Illinois lawmakers return to the Statehouse today, with all eyes waiting to see what, if any, action will be taken on ethics reform in the General Assembly.
But several other issues are on the table as well, as reported by Capitol News Illinois’ Peter Hancock, including follow-up on the landmark adult-use marijuana legalization bill passed during the regular session, regulations on vaping and flavored tobacco products and labor relations issues.
The push for ethics reform comes amid a federal investigation in the Chicago area that has already led to charges filed against Democratic Sen. Tom Cullerton for embezzlement and former Democratic Rep. Luis Arroyo, who resigned Nov. 1 after being arrested for bribery.
Part of the probe also focused on Democratic Sen. Martin Sandoval, whose Statehouse office and home were raided in September, although no charges were filed against him. A spokesman for the Senate Democratic Caucus noted Friday agents did not execute a search warrant on his district office in Cicero, as has been reported previously, although he said agents did pay an unannounced visit to that office to ask questions.
Republicans in the Illinois House introduced a number of ethics reform measures that include strengthening the office of Legislative Inspector General, requiring more financial disclosure for lawmakers, barring members of the General Assembly from working as lobbyists at the local government level and forming a bipartisan task force to study more, comprehensive ethics reform measures.
Some Democrats, including Gov. J.B. Pritzker and Senate President John Cullerton, also endorsed the idea of a task force. The governor additionally proposed requiring lobbyists to disclose more information, including how much they’re being paid by their clients, but he suggested much of that work might have to wait until the 2020 regular session.
Pritzker told reporters at an event Thursday in Chicago that with only three legislative days next week, the General Assembly is not going to be able to get done everything that needs to get done, but that ‘we ought to begin.”
Among issues that are likely to be acted on this week, local governments in Illinois will be waiting to see if the General Assembly will act to clarify how much authority they will have to regulate what kinds of public places, if any, adults will be allowed to use recreational marijuana when that becomes legal Jan. 1.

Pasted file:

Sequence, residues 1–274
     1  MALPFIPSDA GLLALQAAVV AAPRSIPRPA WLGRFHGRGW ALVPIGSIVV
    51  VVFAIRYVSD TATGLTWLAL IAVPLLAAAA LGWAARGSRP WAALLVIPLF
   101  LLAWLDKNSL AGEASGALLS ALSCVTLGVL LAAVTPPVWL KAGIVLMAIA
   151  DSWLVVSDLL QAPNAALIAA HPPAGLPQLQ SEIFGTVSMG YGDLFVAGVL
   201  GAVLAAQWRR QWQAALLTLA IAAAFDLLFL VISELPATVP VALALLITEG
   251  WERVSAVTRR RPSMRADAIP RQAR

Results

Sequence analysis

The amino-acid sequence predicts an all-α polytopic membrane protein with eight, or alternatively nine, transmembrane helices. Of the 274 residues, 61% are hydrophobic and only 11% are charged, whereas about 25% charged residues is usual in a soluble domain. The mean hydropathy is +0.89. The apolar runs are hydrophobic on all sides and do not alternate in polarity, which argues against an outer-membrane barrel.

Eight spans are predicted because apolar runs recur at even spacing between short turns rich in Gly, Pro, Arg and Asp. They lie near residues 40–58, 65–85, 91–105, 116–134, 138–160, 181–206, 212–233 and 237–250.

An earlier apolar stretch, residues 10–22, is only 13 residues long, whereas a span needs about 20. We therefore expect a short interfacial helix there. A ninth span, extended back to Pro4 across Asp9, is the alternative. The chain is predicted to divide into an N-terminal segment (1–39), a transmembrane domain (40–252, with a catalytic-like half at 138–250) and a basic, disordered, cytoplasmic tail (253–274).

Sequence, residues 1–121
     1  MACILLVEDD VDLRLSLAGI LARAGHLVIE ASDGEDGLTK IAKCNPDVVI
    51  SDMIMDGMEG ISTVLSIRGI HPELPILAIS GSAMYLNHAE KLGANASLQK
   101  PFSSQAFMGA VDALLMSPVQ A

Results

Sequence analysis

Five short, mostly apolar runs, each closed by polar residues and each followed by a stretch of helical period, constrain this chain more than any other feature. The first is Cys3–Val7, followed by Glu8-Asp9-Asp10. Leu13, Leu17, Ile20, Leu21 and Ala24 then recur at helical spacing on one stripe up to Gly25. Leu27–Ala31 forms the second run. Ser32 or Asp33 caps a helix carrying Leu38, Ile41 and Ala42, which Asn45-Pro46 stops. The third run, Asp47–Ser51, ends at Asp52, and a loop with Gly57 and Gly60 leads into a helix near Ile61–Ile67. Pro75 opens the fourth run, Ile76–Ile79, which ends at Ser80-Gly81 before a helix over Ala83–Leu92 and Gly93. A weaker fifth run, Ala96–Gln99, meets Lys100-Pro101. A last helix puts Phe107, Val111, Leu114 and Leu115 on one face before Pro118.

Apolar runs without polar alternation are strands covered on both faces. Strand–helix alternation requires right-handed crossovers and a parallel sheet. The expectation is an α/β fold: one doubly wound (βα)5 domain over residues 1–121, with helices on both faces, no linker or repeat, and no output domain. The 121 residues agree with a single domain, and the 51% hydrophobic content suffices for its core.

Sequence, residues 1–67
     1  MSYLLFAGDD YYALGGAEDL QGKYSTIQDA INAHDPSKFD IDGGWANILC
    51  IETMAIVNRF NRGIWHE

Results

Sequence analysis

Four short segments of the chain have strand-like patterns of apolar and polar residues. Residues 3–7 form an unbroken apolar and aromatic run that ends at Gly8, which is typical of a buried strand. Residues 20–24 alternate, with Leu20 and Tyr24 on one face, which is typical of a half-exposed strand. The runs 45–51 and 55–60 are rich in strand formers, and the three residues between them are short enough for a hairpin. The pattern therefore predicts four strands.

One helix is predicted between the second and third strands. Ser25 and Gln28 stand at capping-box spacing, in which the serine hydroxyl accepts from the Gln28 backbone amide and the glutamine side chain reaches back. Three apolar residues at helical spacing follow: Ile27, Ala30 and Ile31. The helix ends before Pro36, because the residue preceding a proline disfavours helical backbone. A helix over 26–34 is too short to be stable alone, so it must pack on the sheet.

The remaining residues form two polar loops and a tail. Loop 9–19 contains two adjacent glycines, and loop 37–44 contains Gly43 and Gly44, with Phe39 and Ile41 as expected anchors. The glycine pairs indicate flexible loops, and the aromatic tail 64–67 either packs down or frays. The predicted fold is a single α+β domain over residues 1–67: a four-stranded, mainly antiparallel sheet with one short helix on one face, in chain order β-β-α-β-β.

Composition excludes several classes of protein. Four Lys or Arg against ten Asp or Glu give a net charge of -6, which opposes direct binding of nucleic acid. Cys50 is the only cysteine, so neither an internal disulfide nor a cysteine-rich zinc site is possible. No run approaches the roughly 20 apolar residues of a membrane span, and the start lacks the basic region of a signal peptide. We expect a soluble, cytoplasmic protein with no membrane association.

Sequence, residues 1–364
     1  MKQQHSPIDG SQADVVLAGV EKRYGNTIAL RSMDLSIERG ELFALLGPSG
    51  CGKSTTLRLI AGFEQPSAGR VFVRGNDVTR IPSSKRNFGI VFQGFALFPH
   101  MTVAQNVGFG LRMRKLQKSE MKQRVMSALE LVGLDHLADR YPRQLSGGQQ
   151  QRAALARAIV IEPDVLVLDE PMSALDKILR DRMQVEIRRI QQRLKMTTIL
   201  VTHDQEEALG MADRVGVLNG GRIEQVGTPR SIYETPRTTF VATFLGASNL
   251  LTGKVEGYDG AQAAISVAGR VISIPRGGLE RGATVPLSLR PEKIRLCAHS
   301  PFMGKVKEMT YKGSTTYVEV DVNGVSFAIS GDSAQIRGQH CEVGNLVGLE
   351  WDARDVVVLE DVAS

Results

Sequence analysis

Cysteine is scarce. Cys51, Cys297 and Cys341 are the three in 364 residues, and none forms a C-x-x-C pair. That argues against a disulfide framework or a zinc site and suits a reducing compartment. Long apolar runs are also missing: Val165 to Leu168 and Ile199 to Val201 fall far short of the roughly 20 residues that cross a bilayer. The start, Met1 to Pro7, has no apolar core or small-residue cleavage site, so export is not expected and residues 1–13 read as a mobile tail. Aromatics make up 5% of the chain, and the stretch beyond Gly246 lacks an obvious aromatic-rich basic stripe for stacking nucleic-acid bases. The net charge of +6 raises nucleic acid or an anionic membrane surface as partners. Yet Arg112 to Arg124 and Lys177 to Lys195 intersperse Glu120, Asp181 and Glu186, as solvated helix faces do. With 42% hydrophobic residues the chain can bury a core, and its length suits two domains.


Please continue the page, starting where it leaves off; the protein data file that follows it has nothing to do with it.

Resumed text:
Several bills were introduced during the first week of the veto session to institute a statewide ban on flavored nicotine products, which many see as deliberate attempts to market to minors.
Chief among those is Senate bill 668, by Senate President Cullerton, known as the “Flavored Tobacco Ban Act,” which would apply to all tobacco products, including menthol cigarettes, flavored cigars and chewing tobacco.
Facing stiff opposition from the tobacco industry, though, Cullerton has since indicated he might support narrowing the bill to focus solely on flavored vaping products.
A bill that affects public employees throughout Illinois also is certain to see action next week. Senate Bill 1784, by Sen. Don Harmon, D-Oak Park, deals with the ramifications of the U.S. Supreme Court’s Janus decision, which held that public employees who choose not to join a labor union, but who nonetheless benefit from the union’s collective bargaining work, cannot be charged what are known as “agency fees” or “fair share” fees to cover the union’s costs for that activity.
The case involved Mark Janus, a former child support specialist for the state. After winning his case at the U.S. Supreme Court, he filed another suit seeking reimbursement of all the fees he had paid throughout his 10-year career with the state.
On Tuesday, Nov. 5, a federal appeals court ruled that Janus was not entitled to the fees he paid before the Supreme Court’s decision. That ruling may also be appealed to the Supreme Court.